Whereas the previous, early X-Types we drove impressed us (or rather didn't impress us) with flimsy build quality and a price tag that could quickly hit $40,000, it's obvious that the Jaguar folks were paying attention. The company has taken aggressive action with the 2004 version of the X-Type to make it more competitive against its German and Japanese rivals. And now that the baby Jaguar has gotten over its teething pains and sports a sticker price that's a whopping $5,000 less than last year, it merits stronger consideration from those shopping for something a little more elegant than the status quo in the entry-level luxury sedan marketplace.
Used 2004 Jaguar X-Type Sedan Overview
The Used 2004 Jaguar X-Type Sedan is offered in the following styles: 3.0 4dr AWD Sedan (3.0L 6cyl 5A), and 2.5 4dr AWD Sedan (2.5L 6cyl 5M).
What's a good price on a Used 2004 Jaguar X-Type Sedan?
Price comparisons for Used 2004 Jaguar X-Type Sedan trim styles:
- The Used 2004 Jaguar X-Type Sedan 3.0 is priced between $5,900 and$6,997 with odometer readings between 49706 and77574 miles.
Shop with Edmunds for perks and special offers on used cars, trucks, and SUVs near Ashburn, VA. Doing so could save you hundreds or thousands of dollars. Edmunds also provides consumer-driven dealership sales and service reviews to help you make informed decisions about what cars to buy and where to buy them.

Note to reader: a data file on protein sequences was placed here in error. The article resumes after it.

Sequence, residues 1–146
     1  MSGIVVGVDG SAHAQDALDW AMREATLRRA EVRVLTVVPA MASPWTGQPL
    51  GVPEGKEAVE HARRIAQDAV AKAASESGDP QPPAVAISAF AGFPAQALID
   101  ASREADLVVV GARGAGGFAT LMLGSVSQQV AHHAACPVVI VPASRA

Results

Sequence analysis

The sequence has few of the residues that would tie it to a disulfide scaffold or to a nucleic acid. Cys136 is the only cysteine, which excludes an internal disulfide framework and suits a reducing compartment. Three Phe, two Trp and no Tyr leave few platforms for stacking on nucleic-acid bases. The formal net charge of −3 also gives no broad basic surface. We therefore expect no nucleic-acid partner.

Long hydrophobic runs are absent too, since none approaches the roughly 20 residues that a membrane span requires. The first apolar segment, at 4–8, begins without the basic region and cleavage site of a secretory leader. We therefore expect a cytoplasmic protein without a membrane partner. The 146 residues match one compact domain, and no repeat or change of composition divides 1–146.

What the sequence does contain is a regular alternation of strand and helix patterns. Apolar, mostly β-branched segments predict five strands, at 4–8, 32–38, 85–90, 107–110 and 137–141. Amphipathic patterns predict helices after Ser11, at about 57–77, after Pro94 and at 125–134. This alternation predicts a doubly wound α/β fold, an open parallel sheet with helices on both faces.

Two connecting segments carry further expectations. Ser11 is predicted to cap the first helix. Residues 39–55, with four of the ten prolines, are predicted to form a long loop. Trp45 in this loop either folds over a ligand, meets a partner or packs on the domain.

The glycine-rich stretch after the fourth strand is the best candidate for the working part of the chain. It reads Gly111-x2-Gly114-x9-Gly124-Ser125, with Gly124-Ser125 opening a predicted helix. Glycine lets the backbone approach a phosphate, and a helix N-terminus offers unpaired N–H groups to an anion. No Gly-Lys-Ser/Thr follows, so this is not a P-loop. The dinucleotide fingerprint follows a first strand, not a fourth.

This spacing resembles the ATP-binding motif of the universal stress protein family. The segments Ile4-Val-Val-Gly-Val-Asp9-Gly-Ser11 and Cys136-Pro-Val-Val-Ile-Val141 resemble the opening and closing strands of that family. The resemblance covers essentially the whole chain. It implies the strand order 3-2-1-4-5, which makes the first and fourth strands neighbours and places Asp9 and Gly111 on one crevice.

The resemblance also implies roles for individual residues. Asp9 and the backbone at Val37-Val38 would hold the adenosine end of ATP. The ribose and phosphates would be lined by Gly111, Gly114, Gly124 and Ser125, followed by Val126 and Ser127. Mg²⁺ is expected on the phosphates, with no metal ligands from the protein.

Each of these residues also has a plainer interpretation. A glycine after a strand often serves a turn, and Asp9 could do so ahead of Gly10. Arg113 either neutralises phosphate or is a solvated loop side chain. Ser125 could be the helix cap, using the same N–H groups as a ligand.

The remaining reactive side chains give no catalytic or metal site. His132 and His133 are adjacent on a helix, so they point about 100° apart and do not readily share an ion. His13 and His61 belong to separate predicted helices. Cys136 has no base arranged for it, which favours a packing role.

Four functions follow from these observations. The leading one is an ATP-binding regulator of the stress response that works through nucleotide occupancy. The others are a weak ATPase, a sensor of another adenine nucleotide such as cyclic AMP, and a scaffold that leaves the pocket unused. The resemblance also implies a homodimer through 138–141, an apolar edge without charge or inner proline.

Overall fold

Which used 2004 Jaguar X-Type Sedans are available in my area?
Used 2004 Jaguar X-Type Sedan Listings and Inventory
There are currently 4 used and CPO 2004 Jaguar X-Type Sedans listed for sale in your area, with list prices as low as $2,977 and mileage as low as 0 miles. Simply research the type of used car you're interested in and then select a prew-owned vehicle from our massive database to find cheap used cars for sale near you. Once you have identified a used or CPO vehicle you're interested in, check the Carfax and Autocheck vehicle history reports, read dealer reviews, and find out what other owners paid for the Used 2004 Jaguar X-Type Sedan.
Shop Edmunds' car, SUV, and truck listings of over 6 million vehicles to find a cheap used, or certified pre-owned (CPO) 2004 Jaguar X-Type Sedan for sale near you.
Can't find a used 2004 Jaguar X-Type X-Type Sedan you want in your area? Consider a broader search.
Find a used Jaguar X-Type for sale - 8 great deals out of 8 listings starting at $18,007.
Find a used Jaguar for sale - 3 great deals out of 5 listings starting at $16,582.
Find a used certified pre-owned Jaguar X-Type for sale - 1 great deals out of 23 listings starting at $23,744.
Find a used certified pre-owned Jaguar for sale - 1 great deals out of 11 listings starting at $16,977.
Compare prices on the Used Jaguar X-Type for sale in Ashburn, VA to other major cities
Should I lease or buy a 2004 Jaguar X-Type?
Is it better to lease or buy a car? Ask most people and they'll probably tell you that car buying is the way to go. And from a financial perspective, it's true, provided you're willing to make higher monthly payments, pay off the loan in full and keep the car for a few years. Leasing, on the other hand, can be a less expensive option on a month-to-month basis. It's also good if you're someone who likes to drive a new car every three years or so.